But lack of time and energy, laziness, and finding exercises and sequences which seem to work, have lured me into repetition. In consequence I have deceived myself, constructing through speech and public performance false beliefs, progressively discarding caveats and fitting what I say to the needs of the occasion. I do not think many lecturers realize that giving a lecture again and again is, like a catechism, disabling and conservative, because each time we say something we embed it, remember it better and believe it more, diminishing our doubts, finding it easier to repeat, and to a degree closing our minds.’
The book has a top space on my summer reading list...while it is easy to blame the current state of higher education to enable repetitive lecturing over participatory learning, the question for me is how technology for example can help us to 'un-lecture'. Is the Chambersian method of workshopping fit for the 21st century? Or, to put it the other way around, are such methods of learning future niches for smaller colleges and universities in a global higher ed market place? Hopefully, I will be able to share more reflections in my book review!

Retelling the Story of Media and Development

Instead, I spent the time writing a simpler book - seeking to provide a much broader overview of what existing research tells us about the relationship between media and development in general. It tells us, very clearly, that 'techno-utopian' narratives are wrong. At best, such narratives are misleading - failing to highlight the varieties, complexities and contingencies of the media's role in social change. Positive thinking, it seems, is not a sound basis for project design or policy making. At worst, such narratives support the interests of those who benefit from an expansion in the use of new technologies. It is not by chance that Bill Gates, for example, is a techno-optimist.
I know...more great food for thought...more books to read, but this one is a definite 'must-read' for ComDev and C4D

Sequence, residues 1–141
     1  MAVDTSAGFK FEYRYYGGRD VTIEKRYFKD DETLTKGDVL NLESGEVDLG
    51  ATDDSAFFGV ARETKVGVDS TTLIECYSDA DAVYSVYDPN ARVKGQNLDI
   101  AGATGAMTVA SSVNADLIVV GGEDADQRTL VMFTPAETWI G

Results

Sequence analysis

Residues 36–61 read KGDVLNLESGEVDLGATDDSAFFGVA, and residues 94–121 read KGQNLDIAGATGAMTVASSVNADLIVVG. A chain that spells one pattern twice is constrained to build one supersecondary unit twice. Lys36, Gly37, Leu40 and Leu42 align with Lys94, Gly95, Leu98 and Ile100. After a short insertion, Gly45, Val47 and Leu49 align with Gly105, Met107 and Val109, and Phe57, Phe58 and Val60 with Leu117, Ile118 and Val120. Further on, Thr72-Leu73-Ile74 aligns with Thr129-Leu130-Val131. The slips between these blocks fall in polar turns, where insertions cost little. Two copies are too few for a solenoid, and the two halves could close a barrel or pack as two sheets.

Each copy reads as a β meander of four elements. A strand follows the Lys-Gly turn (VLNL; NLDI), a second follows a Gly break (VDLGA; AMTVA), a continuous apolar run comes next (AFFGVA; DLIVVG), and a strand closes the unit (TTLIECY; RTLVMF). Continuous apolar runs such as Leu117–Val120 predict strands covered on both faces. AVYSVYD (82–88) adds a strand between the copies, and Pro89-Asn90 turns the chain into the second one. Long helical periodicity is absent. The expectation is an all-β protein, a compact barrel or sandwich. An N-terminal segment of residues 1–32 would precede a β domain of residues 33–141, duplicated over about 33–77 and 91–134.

U.S. Says It Built Digital Programs Abroad With an Eye to Politics

The State Department and the United States Agency for International Development have actively pushed for the use of social media programs after seeing their successful use during the uprisings in Egypt and Tunisia in 2010. Messaging was also used by protesters during the 2009 Iranian presidential election.
Breaking: US aid uses digital technologies as modern continuation of its political objectives...that's a shocker...but interesting case studies nonetheless.

The New Class: College Students Redefine Leadership Through Microfinance

While attending Los Angeles Mission College full-time, Oscar also operates Wiser Lending, the microfinance initiative he founded on campus that provides financial services to low-income entrepreneurs in the community. This past fall, the organization held a credit-building workshop for over 25 immigrant entrepreneurs—and it plans to hold other workshops like it over the course of the year.
Wiser Lending is the collective product of Oscar’s entrepreneurial endeavors, formal education and fellowship experience. He has already secured office space on campus and has scheduled financial workshops to offer to small businesses in the northeast San Fernando Valley. Topics will span business development, such as marketing and promotion, as well as educational workshops on credit and savings. Oscar’s goal is to collaborate with crowd-funding sites, such as Kiva, to connect entrepreneurs with financing, and to eventually build Wiser Lending’s own loan fund.
Shawn Humphrey continues sharing innovative approaches to microfinance and Charity Yoro's post is an interesting story from California that links education, entrepreneurship and local communities in interesting ways.

An Underdog Story in Global Development

We have before us a project that ticks all the boxes. Enormous under-serviced population. Small local organization with very little finances yet very high motivation. Extremely high impact for minimal outlay. Government and large multilateral staff starting to pay attention to the need. Results. Proven results.
WhyDev's Weh Yeoh on his engagement with a Cambodian NGO to provide (better) services on speech therapy. Great story--with hopefully a happy ending in terms of sustainable funding and scaled-up work!

The Story of Hope and Faith the Government Doesn't Want You to Hear

The government and mass media do their best to suppress this story. The cameras swing to the angry kid dressed in black and the provocations he launches at the police. The images flash scenes of chaos during the crackdown. The news does not report the countless hours of quiet boycotts, uneventful sit-ins, or midnight sign-painting sessions in preparation for tomorrow's picket lines. The sudden grace of students taking wing from tyranny, walking out on classes and injustice is rarely mediatized.
Few television stations air footage of tedious city council meetings, where people witness the birth of change.
The suspicion of agent provocateurs, the cynical snort that so-and-so is a paid troll, the sighs about infuriating individuals, the teeth-gritting over long-winded speakers, complaints about self-serving power grabbers, the frustration when one person's anger holds the whole room hostage; these are also truths in the world of nonviolent struggle.
A beautiful poetic piece by Rivera Sun the non-mediatized spaces of protest, struggle and civic engagement.

Pixel & Dimed-On (Not) Getting By in the Gig Economy